Whether you are the employer or the candidate, it is ideal to get comfortable with the right search firm(s). If the fit doesn’t feel right, it’s because it isn’t. There are plenty out there. Find the one(s) that work for you.

I have had several mentors over the course of my professional career. Some formal, some informal, but in all cases, their input was valuable and appreciated. Having a good mentor is like a gift; you have someone who cares about you and your success. Someone who will listen to all sides of the story and help you determine the best course of action. And best of all, a mentor will not benefit from your actions/decisions. Their win is watching you succeed. So whether you take the promotion, sign the contract, hire the terrific new graduate or not, they are the partial party to help you see all the angles.

Some people have a mentor at the office and some have a mentor outside the office. Both are valuable. A mentor within the office knows the detail of the office dynamics…the players, the politics. They can be helpful when looking for guidance within the company. A mentor outside the office is beneficial when you want someone, who, regardless of company or position you have, is there for you to discuss your career, progress, options, etc.

Whether inside or outside the office, if you are looking for ongoing career development, help and feedback from a neutral party, find a mentor. Find someone who has been where you are trying to go and who has a great track record. It will be well worth your while.

Employers work with recruiters essentially by handing-off a specific assignment to find new talent. What the employer may not realize is the recruiter may be sub-contracting the search to yet another recruiter. Does this matter? It may well matter! For starters, it is key for the recruiter to have a thorough understanding of the position. Not a high level understanding -a thorough understanding. Each time a recruiter sub-contracts there is a risk that the level of understanding of the position is going to be diluted. In fact, it is almost a guarantee that this will happen. What is the effect? The recruiters are searching for candidates who may or may not be the right fit. And for every candidate that is not the right fit, the employer is losing valuable time in getting the right candidate on board.

When selecting a search firm, employers should ask specifically whether or not the recruiter sub-contracts searches and if they do, what role the lead recruiter has in the process. Searches can go on unnecessarily long simply because the recruiters do not have the right understanding of the role and they are entertaining the candidacy of the wrong candidates, which is a waste of time for everyone. Working with a recruiter who doses the recruiting themselves or within their office may ultimately be a much cheaper and more effective choice.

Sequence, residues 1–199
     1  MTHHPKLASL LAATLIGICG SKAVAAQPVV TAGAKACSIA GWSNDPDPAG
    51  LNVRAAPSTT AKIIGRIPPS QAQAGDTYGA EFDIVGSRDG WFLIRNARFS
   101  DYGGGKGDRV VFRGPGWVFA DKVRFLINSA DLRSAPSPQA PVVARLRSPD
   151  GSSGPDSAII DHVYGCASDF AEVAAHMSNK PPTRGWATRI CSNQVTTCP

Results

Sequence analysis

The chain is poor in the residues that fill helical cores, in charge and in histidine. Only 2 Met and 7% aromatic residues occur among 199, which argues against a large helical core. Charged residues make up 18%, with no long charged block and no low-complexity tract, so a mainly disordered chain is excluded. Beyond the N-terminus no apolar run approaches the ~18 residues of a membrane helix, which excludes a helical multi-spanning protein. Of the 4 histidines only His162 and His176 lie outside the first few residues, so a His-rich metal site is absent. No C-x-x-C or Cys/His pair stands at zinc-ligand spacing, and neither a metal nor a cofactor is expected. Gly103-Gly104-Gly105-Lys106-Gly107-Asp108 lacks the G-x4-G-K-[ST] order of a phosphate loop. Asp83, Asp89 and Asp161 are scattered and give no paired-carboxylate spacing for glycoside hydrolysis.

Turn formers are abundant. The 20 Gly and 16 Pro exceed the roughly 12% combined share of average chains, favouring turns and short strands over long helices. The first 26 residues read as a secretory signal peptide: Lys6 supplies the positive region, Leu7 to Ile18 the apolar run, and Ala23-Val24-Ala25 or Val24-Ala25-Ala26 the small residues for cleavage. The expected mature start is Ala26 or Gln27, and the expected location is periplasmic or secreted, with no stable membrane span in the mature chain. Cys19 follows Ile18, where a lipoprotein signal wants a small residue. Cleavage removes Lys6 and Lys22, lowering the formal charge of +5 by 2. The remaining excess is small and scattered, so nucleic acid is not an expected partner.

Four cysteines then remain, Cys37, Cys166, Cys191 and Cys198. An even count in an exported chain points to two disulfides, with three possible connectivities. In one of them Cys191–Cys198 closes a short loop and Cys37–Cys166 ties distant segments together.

As soon as I receive a resume, I go to the last page and look for personal interests. I guess it’s because I am trying to get a glimpse in to this person’s life outside the office. Given I like to be very transparent, I will tell you that if I see someone has the same hobbies/interests as I do, I am going to have a greater interest in potentially speaking to that person.

I know there are various opinions at to whether or not your personal interests should be listed on your resume. In my opinion, it’s simple; if there is a chance to connect to your reader then go for it! Any opportunity to connect with your reader is good – very good! I read an article which advised against listing personal interests. In the article, it said that prospective employers may think the candidate has too much going on outside the office and may not be able to give 120% on the job. I call bluff. I would like to speak with the HR leader or hiring manager that is afraid their employees have a life outside the office and hear what they think is reasonable…I suspect it would be a short discussion.

I suggest you list your personal interests on your resume. It helps define who you are and there is a chance you will have something in common with the person who is deciding whether or not to give you a chance for a potential great opportunity. I can’t think of any downside…..can you?